Christina Ryan Claypool is a freelance journalist and Inspirational speaker who has been featured on CBN’s 700 Club and Joyce Meyer Ministries Enjoying Everyday Life TV show. Her most recent book, “Secrets of the Pastor’s Wife: A Novel” is available on all major online outlets. Her website is www.christinaryanclaypool.com

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The Reality “Ask the Pastor” Show

 Living in this chaotic world, if we’re honest, we have to admit that we all have problems. “Friends, when life gets really difficult, don’t jump to the conclusion that God isn’t on the job.” (I Peter 4:12 The Message Bible) God’s always at work. However, it’s important to remember the famous public service announcement from the Emergency Broadcast System, “This is a test. This is only a test….” but we also need wisdom concerning what we should do in the midst of our tests.

Personally, I learned a lot about asking for advice during the years that I worked as a producer and reporter at WTLW TV 44 in west central Ohio. At the time, I occasionally assisted producing or hosting the Ask the Pastor TV program. Folks would call in to pose questions about theological issues, but more frequently they were trying to find solutions to their daily dilemmas including: financial problems, addiction, grief, loneliness, etc. by seeking the expert spiritual opinions from the panel of local pastors.

Asking for counsel takes humility, because we have to admit that we don’t have all the answers. There has to be an answer though, because Jesus himself said, “…In this godless world you will continue to experience difficulties. But take heart! I’ve conquered the world.” John 16:33

Besides, clergy are very busy people, they can’t be expected to be on 24 hour call concerning our need for counsel. Although the Bible says, “Without good direction, people lose their way; the more wise counsel you follow, the better your chances.” (Proverbs 11:14) Of course, the ultimate book of wisdom is the Bible, and it’s where we should look first. Often though, we require someone with some skin on to enable us to understand God’s Word about our situation.   

That’s why I would like to introduce the concept of the reality Ask the Pastor Show. We can all be part of it, by seeking advice from the “wise” folks God places in our lives. It’s important to emphasize the word, “wise,” because we should seek counsel from confidential individuals who have been successful in the area that we are struggling with.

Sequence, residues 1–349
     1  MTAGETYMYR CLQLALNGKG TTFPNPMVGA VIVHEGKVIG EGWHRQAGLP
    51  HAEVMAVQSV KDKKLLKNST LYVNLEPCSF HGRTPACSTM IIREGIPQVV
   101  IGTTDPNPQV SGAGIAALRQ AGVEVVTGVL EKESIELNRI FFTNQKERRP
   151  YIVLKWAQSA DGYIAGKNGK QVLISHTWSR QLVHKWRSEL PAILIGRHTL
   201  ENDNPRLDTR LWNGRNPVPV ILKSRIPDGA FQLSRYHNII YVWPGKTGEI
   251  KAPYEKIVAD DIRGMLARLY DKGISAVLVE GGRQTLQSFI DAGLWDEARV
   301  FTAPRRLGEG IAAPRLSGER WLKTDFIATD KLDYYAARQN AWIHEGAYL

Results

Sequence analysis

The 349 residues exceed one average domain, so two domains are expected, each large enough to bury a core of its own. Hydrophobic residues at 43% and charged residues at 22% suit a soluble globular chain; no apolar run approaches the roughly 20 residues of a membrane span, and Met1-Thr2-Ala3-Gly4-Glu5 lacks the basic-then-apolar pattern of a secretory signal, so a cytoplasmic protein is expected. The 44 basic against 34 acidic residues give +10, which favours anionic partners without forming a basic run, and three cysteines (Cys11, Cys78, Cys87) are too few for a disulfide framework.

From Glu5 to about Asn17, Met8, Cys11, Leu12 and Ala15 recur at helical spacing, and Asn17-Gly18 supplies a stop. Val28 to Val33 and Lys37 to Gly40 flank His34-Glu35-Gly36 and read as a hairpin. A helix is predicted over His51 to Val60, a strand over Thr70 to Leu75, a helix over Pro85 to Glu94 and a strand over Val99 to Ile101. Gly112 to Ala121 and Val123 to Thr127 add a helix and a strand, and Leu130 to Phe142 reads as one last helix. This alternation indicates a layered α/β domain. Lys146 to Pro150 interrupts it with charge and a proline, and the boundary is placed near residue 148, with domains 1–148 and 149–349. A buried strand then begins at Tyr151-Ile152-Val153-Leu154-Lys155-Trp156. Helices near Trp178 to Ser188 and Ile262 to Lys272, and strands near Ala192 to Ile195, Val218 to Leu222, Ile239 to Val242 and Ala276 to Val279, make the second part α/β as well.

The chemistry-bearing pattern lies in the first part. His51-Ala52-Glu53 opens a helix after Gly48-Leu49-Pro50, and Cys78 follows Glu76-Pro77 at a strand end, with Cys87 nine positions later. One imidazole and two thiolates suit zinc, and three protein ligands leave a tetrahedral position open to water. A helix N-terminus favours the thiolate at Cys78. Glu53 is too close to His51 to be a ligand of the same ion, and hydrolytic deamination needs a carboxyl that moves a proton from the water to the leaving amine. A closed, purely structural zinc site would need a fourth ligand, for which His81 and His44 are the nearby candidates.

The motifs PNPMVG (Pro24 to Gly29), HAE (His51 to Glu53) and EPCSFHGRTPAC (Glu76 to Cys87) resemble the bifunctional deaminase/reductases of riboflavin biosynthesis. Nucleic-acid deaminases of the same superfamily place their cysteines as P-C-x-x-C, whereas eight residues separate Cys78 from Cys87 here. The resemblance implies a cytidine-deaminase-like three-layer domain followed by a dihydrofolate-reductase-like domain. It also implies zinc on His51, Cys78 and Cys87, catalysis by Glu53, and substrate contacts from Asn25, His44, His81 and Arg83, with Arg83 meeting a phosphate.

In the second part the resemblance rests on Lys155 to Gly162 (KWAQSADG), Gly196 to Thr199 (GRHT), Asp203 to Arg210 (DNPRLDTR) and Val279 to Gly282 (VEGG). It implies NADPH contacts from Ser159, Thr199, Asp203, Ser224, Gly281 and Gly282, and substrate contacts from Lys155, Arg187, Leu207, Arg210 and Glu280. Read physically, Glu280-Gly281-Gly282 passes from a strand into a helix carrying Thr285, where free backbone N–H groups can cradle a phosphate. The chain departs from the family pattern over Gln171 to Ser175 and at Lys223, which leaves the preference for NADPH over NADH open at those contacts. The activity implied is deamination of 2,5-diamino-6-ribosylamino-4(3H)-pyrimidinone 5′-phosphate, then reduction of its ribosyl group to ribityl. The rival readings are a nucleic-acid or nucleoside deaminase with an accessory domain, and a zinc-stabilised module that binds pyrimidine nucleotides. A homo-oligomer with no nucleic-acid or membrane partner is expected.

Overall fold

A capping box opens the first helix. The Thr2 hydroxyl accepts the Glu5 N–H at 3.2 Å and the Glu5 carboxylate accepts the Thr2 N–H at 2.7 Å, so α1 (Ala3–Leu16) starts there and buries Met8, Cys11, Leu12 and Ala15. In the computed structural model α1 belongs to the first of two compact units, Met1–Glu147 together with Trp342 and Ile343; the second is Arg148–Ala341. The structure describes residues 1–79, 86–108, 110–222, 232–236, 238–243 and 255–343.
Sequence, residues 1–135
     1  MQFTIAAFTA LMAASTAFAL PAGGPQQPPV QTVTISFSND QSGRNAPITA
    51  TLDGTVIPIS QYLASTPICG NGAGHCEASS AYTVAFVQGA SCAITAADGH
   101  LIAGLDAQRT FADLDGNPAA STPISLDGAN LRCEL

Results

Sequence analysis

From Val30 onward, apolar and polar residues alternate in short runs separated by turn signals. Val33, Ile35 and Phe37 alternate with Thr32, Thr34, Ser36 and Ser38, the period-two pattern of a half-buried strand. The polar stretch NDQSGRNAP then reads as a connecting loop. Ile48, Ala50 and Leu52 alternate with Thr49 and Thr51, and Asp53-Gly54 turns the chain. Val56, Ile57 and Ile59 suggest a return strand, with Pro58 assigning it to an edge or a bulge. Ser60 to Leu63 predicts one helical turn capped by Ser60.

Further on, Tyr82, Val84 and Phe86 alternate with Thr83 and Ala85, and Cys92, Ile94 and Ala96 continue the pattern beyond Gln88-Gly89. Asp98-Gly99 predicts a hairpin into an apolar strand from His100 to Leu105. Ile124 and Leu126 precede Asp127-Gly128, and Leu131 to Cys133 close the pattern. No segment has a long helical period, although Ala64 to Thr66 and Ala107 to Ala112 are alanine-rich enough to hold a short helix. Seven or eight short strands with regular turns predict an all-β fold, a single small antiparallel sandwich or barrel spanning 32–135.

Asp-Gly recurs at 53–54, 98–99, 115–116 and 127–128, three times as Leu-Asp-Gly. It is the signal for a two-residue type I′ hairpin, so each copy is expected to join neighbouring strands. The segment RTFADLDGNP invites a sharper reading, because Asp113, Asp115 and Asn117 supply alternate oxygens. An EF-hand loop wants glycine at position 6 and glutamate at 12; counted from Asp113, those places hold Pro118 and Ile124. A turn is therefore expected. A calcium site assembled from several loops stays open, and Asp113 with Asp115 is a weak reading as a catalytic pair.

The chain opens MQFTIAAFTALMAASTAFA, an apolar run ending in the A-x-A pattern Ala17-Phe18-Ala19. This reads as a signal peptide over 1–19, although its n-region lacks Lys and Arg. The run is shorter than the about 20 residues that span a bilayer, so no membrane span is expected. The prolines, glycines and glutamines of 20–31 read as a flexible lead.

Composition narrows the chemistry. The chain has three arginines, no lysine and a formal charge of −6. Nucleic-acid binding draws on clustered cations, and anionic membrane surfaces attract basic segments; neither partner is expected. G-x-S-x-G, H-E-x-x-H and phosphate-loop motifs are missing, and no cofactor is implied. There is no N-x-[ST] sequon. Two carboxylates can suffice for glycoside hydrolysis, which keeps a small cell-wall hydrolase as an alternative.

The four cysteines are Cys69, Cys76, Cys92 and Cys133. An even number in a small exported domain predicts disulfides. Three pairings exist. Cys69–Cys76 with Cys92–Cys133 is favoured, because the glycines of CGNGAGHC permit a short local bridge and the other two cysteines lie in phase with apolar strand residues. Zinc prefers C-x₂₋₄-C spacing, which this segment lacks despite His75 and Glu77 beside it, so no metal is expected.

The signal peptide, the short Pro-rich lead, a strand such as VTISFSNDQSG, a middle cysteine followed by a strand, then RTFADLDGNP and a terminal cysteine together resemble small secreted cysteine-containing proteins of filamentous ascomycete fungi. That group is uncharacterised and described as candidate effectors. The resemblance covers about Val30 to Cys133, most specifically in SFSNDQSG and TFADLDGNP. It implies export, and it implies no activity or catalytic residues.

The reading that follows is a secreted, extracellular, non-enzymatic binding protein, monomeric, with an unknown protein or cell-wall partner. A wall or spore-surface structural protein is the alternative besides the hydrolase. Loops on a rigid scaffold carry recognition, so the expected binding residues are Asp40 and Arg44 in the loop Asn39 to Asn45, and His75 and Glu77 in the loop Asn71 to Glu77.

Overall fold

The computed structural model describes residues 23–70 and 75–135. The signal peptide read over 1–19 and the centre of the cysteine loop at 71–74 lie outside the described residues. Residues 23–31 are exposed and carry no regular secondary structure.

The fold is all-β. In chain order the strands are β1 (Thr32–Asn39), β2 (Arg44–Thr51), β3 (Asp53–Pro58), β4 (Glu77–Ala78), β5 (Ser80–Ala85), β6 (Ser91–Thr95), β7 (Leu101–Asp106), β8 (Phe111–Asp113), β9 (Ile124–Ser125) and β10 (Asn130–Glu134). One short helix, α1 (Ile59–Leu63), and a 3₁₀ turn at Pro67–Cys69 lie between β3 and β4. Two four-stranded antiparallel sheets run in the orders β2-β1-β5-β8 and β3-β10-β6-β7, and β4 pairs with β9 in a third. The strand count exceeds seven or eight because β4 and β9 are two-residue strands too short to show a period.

The bottom line is; if your marriage is in trouble, seek guidance from somebody of the same sex who has a healthy marital relationship. If your teen is on drugs, find a former addict who has become a productive member of society, and ask them how they broke free from addiction. Or if your business is in the red, talk with a successful entrepreneur.

The professional arena has long instituted the policy of mentoring relationships. For example, in the academic world it is standard practice for a new public schools superintendent to be assigned a mentor. My husband, Larry Claypool feels he hit the administrative jackpot in his early days as a superintendent when he was assigned an adviser who had years of educational experience.

Whenever an urgent situation occurred, placing my spouse on uncharted territory back then, he asked his mentor for advice. “Even when you have a decision already made, you call. Just to make sure it was the right decision,” Larry said. “It’s just like being a disciple, because a seasoned teacher imparts his knowledge for the good of someone else,” added my spouse who is now an experienced public schools superintendent himself who takes time to counsel young administrators.

Jesus knew all about mentoring people. He had his hands full with his own motley crew of followers. He had to teach Peter to control his temper, Thomas not to doubt, and James and John to quit seeking positions of honor, among other issues. 

I once heard Kenton, Ohio’s New Hope Fellowship pastor, Jason Manns, say that he believes, “God usually places individuals in our lives that He uses to disciple us in our Christian walk.” I agree, but we have to be cautious, that we don’t miss God’s voice through those close to us.

Familiarity can stop us from receiving what we need to hear. We discount the message, knowing firsthand folks in our inner circle are flawed human beings like ourselves. That’s why James 1:19 tells us, that “Everyone should be quick to listen, slow to speak, and slow to get angry.” Of course, we do have to guard ourselves from ungodly counsel, because. “…Bad company ruins good manners.”  (I Corinthians 15:33)

But if someone is a faithful believer, who wants God’s best for us, we should be willing to listen. If their counsel doesn’t line up with what you think your Heavenly Father is saying, put it on the shelf for awhile. Allow God to bring His perfect will to pass. Most importantly in the Book of Proverbs we are told to, “Trust God from the bottom of your heart;…listen for God’s voice in everything you do…He’s the one who will keep you on track.”

Christina Ryan Claypool is an Amy Award winning journalist and evangelistic speaker. Her husband, Larry Claypool is the superintendent of Ohio’s Hardin-Houston Schools. Information about her book, “Seeds of Hope for Survivors” is available through her Website at www.christinaryanclaypool.com or through www.amazon.com .